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US Waste Management Industry Overview
By Themedica on February 23, 2009 10:15 AM |
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A majority of the waste management industry in the US is engaged in the collection, transport, and disposal of solid and non-hazardous waste products in landfills. However, some companies are also equipped to manage hazardous wastes including liquid and low-grade radioactive wastes.waste-management-landfills.jpg


Each year a large quantity of waste is produced by households and as a result of industrial activities in the US. Statistics reveal that annual waste products amount to over 200 million tons of solid waste, that translates into generation of about 4.4 pounds of waste per person per day.

Traditionally, the process of waste management involved just collection, transfer and disposal of waste in landfills. However, with time, and increased public knowledge and concern over environmental protection, waste management companies are required to take on a more technologically demanding approach to managing wastes. For instance, requiring ever more sophisticated medical waste treatment equipment.

US Waste Management Industry Highlights

Waste Quantities

Around the year 2000, an estimated 544 million tons of waste were processed throughout the country. Of the total waste processed, 370 million (68 percent) tons were disposed of in landfills, while 146 million tons (27 percent) were recycled, and 29 million tons (5 percent) were subjected to incinerators.

Number of Organizations

About 27,000 organizations were engaged in waste management nationwide. The number includes private sector companies, public sector and quasi-governmental organizations. Of the total organization, there are about 10,000 private sector firms operating waste management businesses.

There are three major waste management companies in the US, namely Allied Waste Industries, Waste Management, and Republic Services, they manage over 50 percent of the total waste. The remaining market is highly fragmented, made up of small and mid-sized companies with annual revenues of about $10 million. On the other hand the combined annual revenue of private sector firms is $50 billion.

Demand & Profits

The demand within the waste management market varies with the levels of economic activity and consumer spending. While the GDP growth rates of the US hovered around 3 percent in 2006, GDP growth rates at the beginning of 2009 were close to zero percent.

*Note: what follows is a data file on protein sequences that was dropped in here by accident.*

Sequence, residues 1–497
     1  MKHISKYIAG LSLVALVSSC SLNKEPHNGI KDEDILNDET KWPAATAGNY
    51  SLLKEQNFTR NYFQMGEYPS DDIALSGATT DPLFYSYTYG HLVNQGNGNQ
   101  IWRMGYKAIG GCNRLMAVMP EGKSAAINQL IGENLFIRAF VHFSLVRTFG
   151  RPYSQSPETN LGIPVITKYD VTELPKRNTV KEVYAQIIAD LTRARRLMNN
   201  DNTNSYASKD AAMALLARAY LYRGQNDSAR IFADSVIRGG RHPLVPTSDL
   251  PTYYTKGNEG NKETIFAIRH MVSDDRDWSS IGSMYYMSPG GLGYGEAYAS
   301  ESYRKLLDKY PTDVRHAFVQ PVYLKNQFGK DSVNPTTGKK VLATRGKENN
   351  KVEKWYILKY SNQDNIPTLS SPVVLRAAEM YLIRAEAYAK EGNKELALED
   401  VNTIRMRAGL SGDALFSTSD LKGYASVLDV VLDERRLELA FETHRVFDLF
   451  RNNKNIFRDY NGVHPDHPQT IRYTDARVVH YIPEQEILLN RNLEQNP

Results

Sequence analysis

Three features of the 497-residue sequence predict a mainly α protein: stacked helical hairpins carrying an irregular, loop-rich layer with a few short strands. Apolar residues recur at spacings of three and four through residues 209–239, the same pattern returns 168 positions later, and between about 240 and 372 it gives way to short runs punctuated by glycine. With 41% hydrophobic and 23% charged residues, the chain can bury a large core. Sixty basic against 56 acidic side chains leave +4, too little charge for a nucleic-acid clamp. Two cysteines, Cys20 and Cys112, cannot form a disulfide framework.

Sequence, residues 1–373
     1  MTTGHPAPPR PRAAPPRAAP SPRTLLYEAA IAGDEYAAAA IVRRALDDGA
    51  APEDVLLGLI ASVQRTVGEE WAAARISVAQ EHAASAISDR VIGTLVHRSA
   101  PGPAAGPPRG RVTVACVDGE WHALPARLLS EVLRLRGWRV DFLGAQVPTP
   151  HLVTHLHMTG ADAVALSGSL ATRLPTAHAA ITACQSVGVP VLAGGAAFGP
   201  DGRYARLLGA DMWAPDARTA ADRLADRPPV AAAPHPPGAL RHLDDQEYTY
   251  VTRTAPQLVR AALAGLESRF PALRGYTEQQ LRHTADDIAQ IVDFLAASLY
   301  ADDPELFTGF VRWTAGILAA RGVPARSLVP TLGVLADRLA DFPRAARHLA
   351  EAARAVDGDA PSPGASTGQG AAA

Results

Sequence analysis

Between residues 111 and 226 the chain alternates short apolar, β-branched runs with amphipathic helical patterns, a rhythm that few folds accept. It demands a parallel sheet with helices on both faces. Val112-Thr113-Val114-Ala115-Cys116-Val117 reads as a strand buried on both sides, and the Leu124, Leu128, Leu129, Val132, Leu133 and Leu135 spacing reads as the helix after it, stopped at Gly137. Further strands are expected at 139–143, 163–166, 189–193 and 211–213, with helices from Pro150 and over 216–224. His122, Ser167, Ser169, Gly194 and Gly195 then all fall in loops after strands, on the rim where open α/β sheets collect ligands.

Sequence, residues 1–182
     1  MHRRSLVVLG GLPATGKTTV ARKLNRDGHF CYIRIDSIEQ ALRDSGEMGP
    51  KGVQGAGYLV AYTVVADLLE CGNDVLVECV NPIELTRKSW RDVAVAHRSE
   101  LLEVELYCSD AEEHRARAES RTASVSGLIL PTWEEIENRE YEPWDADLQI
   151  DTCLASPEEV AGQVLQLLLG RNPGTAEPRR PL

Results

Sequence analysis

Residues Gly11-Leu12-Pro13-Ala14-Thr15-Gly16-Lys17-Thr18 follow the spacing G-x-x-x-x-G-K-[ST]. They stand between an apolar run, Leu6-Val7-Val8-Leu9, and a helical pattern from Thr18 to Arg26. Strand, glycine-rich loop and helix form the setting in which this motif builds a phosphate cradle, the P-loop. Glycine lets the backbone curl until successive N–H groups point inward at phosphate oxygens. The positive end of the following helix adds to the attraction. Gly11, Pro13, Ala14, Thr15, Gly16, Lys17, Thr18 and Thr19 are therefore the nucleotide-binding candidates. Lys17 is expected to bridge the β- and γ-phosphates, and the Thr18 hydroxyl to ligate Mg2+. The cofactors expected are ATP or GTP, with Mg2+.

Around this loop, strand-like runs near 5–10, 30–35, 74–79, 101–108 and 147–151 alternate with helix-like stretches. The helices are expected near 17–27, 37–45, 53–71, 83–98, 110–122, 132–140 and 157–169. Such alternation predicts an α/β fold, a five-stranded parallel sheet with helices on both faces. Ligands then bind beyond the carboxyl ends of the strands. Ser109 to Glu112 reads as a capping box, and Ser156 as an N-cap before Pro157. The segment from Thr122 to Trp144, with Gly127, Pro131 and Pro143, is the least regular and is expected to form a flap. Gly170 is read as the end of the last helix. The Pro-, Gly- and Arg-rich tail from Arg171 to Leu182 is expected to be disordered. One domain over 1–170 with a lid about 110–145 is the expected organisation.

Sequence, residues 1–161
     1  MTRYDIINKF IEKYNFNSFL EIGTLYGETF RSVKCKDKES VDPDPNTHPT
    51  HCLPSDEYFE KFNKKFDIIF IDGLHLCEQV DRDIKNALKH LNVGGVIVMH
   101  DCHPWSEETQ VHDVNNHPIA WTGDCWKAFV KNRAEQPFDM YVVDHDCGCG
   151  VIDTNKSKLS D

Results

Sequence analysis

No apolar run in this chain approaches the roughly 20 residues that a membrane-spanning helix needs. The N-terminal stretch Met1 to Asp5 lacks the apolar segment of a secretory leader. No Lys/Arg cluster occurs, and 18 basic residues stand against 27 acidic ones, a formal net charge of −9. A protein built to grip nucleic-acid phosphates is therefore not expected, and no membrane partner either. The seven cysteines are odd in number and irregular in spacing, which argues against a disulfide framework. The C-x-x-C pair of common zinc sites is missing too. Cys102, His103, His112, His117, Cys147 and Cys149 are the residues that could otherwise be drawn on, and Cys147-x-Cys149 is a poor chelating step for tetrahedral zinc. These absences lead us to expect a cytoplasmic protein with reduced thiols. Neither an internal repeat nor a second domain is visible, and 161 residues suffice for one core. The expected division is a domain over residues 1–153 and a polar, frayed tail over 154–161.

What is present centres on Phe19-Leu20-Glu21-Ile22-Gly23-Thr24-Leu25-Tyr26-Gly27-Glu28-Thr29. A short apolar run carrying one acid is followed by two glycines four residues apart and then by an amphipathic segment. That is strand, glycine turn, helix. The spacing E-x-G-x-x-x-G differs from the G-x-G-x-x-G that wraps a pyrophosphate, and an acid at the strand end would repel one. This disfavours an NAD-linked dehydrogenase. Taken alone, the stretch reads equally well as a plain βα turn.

The more efficient the operations of the waste management companies, better the profits they can expect. Large companies benefit from economies of scale. For large firms the annual revenue per employee stands at $200,000 on an average, while smaller companies make about $125,000.

Equipment & Machinery

In 2001, the solid waste industry made use of about 206,000 units motorized equipment in the U.S., of which, about 148,000 vehicles were used in the collection and transfer of solid waste. Rest of the waste treatment equipment comprised stationary, mobile compaction equipment, and mobile equipment, and processing equipment.

Waste Management Plants & Facilities

Close to 11,500 organizations owned an estimated 15,700 facilities that dispose, recycle, incinerate, or processed waste around 2001. More than half (53 percent) of these facilities had private ownership.

In addition to the traditional waste management operations including wastes requiring waste water treatment equipment, the need for remediation services has grown over the years. These services entail processes such as crude oil spill clean ups, asbestos or lead paint removal, or cleaning up of strip-mined areas. Even though the 2009 financial crises may have affected the waste arrangement industry too, the demand for remediation services has opened up new vistas for even smaller enterprises to venture in to.

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